Wednesday, March 07, 2012

The Meaning of History

World Trade Center Past and Future
(photo by Philip Vassallo
We Americans have an expression that confuses most everyone else: "That's history."  We say it to mean that the point of discussion is irrelevant. How interesting that so many people in the United States abhor the past, probably because of the country's relative youth and its citizens' appetite for future opportunities. 

Most non-Americans would say that history is everything. They live on the soil whose past has been documented for more than two millennia. As a result, they feel more connected to their ancestral ties and cultural traditions.

I do not fault this attitude among Americans for two reasons. First, they left the old country for a new start in a place that promises an equal opportunity, and succeeding generations who have always lived in America have that wanderlust in their blood. Second, we have a pretty cool culture, which we constantly make up as we go along: the telephone, Hollywood, the radio, the laptop, the smartphone, jazz, bluegrass, rock, soul, hip-hop--not too shabby.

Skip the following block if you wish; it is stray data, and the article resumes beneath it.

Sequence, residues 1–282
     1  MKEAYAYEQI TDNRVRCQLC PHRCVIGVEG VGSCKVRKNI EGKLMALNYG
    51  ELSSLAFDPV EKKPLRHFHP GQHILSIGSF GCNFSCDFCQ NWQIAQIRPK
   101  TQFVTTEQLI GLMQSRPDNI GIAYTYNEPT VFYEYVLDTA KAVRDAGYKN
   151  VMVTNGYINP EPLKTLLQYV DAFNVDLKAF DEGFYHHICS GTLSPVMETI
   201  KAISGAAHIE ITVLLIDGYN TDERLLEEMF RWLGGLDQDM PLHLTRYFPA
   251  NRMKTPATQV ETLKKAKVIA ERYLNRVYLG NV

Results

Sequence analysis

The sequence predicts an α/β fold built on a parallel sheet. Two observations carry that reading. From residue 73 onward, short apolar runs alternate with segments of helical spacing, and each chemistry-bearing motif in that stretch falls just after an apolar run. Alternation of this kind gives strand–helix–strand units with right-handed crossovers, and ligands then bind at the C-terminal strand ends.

Nevertheless, most Americans who understand the meaning of this photo would say that they greatly value recent history. In the foreground is The Sphere of the former World Trade Center, which was reinstalled at Battery Park as a memorial to those who lost their lives on September 11, 2001. In the background to the left is the new World Trade Center under construction. In this photo, we can see the aftermath of an atrocity committed by terrorists as a direct attack on America on its darkest day as well as the optimism that epitomizes America in its vision, resoluteness, and diligence. More than anything else, the photo speaks for Americans' passion for freedom, pursuit of progress, and quest for equality. In this photo, we can see both the past and the future in harmony.